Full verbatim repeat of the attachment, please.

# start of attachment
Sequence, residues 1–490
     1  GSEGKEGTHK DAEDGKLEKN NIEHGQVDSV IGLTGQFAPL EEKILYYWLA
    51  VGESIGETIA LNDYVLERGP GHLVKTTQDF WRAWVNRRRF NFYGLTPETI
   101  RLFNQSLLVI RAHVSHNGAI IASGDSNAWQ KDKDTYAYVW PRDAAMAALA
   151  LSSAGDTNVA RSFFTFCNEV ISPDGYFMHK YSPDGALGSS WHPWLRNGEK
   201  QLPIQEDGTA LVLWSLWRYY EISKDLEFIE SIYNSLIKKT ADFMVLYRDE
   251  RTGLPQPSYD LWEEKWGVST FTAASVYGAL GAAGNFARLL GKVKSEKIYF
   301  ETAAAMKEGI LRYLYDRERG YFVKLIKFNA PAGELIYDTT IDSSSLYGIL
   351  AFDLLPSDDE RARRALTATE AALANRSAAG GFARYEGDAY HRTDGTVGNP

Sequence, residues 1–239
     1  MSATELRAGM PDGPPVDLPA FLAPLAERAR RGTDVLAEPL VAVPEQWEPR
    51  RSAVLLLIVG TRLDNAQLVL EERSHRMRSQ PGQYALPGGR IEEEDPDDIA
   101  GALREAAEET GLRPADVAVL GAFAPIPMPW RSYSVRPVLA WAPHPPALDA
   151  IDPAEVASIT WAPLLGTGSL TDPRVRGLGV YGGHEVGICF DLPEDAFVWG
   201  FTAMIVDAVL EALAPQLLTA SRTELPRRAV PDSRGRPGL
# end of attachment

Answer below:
Sequence, residues 1–490
     1  GSEGKEGTHK DAEDGKLEKN NIEHGQVDSV IGLTGQFAPL EEKILYYWLA
    51  VGESIGETIA LNDYVLERGP GHLVKTTQDF WRAWVNRRRF NFYGLTPETI
   101  RLFNQSLLVI RAHVSHNGAI IASGDSNAWQ KDKDTYAYVW PRDAAMAALA
   151  LSSAGDTNVA RSFFTFCNEV ISPDGYFMHK YSPDGALGSS WHPWLRNGEK
   201  QLPIQEDGTA LVLWSLWRYY EISKDLEFIE SIYNSLIKKT ADFMVLYRDE
   251  RTGLPQPSYD LWEEKWGVST FTAASVYGAL GAAGNFARLL GKVKSEKIYF
   301  ETAAAMKEGI LRYLYDRERG YFVKLIKFNA PAGELIYDTT IDSSSLYGIL
   351  AFDLLPSDDE RARRALTATE AALANRSAAG GFARYEGDAY HRTDGTVGNP

Sequence, residues 1–239
     1  MSATELRAGM PDGPPVDLPA FLAPLAERAR RGTDVLAEPL VAVPEQWEPR
    51  RSAVLLLIVG TRLDNAQLVL EERSHRMRSQ PGQYALPGGR IEEEDPDDIA
   101  GALREAAEET GLRPADVAVL GAFAPIPMPW RSYSVRPVLA WAPHPPALDA
   151  IDPAEVASIT WAPLLGTGSL TDPRVRGLGV YGGHEVGICF DLPEDAFVWG
   201  FTAMIVDAVL EALAPQLLTA SRTELPRRAV PDSRGRPGL